Having not particularly enjoyed Conall Morrison's debut RSC production of Macbeth in the Swan Theatre, his debut at the Courtyard comes as a pleasant surprise.
The current Stratford benchmark in this play is Pilot's all-male production which played the Courtyard as part of the Complete Works festival, leaving behind little more than a strong impression of the play's unpleasantness.
Morrison, on the other hand, finds much to celebrate in it, turning in an energetic ensemble production full of inventive touches.
If the notorious misogyny is hardly airbrushed out, it is at least distanced by the unique play-within-a-play structure. The logic of this - the main play is staged as an entertainment to the drunk, Christopher Sly, the butt of a practical joke whereby he is persuaded to believe that he has woken up as a lord - seems tenuous to say the least.
Encouraged to take on the role of the shrew-tamer Petruchio, Sly drives a fantasy of male domination which is finally rejected by the ensemble, as they return to the backed-up lorry from which they were disgorged, limbering-up in self-parodying RSC style, at the start of the play.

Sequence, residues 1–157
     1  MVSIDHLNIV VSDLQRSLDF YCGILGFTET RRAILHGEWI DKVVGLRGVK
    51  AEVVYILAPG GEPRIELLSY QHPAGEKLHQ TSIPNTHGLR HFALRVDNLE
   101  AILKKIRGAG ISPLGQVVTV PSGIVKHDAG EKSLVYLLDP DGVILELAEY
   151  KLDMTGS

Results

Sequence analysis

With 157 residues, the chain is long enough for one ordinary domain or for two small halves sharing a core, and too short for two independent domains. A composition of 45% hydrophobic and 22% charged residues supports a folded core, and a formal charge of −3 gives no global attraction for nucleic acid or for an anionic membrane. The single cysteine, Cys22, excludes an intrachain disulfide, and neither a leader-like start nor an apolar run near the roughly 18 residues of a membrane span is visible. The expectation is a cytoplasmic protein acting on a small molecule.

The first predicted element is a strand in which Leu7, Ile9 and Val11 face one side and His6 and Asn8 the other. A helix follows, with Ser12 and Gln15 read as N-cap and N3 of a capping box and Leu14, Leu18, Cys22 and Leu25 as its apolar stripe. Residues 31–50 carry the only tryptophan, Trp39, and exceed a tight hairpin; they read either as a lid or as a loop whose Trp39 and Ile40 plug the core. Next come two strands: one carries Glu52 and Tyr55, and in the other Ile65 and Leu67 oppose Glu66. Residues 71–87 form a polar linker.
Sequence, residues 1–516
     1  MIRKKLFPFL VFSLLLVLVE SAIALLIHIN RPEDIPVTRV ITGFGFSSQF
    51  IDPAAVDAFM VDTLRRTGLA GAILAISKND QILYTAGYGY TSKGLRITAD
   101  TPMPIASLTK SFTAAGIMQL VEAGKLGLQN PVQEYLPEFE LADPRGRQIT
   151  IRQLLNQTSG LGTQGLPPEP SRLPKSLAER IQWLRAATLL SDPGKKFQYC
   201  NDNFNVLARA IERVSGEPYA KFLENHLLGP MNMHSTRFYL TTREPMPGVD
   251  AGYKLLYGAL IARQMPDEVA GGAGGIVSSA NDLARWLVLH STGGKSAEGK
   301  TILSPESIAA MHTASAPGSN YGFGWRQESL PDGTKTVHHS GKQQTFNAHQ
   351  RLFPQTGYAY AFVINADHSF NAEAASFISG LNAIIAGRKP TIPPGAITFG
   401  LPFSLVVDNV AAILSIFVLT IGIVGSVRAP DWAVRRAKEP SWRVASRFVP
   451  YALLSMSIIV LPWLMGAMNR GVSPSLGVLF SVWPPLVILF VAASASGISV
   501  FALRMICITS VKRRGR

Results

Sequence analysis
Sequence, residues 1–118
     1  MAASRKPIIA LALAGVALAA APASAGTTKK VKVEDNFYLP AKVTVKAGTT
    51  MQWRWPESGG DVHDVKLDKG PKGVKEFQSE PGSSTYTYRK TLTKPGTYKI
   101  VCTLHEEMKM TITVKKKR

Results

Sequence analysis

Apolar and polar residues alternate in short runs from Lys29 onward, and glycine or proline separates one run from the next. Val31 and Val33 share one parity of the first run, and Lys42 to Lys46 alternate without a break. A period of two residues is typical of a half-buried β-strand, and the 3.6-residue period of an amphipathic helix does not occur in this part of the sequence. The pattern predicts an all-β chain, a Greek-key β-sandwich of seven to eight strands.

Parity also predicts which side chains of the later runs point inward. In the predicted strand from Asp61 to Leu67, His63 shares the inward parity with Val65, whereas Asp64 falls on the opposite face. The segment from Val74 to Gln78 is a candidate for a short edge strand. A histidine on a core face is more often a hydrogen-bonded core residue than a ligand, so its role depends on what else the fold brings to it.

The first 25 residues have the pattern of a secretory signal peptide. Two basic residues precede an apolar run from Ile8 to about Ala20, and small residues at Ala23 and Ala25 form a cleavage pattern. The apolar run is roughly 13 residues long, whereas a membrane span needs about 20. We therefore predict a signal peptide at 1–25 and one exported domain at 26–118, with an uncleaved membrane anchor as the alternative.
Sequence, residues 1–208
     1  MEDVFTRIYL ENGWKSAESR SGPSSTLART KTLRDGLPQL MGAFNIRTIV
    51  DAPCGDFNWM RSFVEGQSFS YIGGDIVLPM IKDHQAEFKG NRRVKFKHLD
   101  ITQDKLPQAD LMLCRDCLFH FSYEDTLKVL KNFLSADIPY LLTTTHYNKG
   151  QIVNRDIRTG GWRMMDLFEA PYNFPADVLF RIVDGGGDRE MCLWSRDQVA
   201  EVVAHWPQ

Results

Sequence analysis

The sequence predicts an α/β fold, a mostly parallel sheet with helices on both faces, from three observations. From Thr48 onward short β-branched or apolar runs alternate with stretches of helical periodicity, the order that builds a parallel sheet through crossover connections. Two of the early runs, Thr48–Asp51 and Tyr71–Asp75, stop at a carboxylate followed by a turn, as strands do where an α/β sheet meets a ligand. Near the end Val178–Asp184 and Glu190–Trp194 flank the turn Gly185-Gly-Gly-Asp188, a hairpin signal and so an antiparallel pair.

It's a somewhat contrived solution to the need evidently felt within a liberal cultural institution to reject the unacceptable message of Shakespeare's play.
Stephen Boxer erupts on to the stage as a Brummie Sly plucked straight from a lads' night out on Broad Street. He goes on to make an imposing if physically cruel Petruchio who is well matched by Michelle Gomez's Katherina (pictured right with Stephen Boxer). Well known for her television work in series like Green Wing and The Book Club, Gomez has created a unique persona of angular and dangerous Scottish comedy and the pair strike sparks in the early scenes. The stoicism with which she undergoes and accepts successive humiliations is put into perspective by that final contemptuous departure.
But while this relationship is always going to be the centre of the play, this production finds plenty to work with in the Bianca subplot and supporting characters, while playing loose with period and look.
Incidental pleasures include Larrington Walker's Jamaican Merchant and Keir Charles's fatal-istic servant Tranio, played as a hangdog Brummie, while David Hargreaves, here playing Katherina's father, is always worth watching.
The Courtyard won the public's affection with the sparsely-staged history plays, but Francis O'Connor's ingenious set, with its revolving dilapidated video store, gives a further idea of how this deep thrust stage can be used. n Running time: Three hours, 20 minutes. In rep until Sep 25.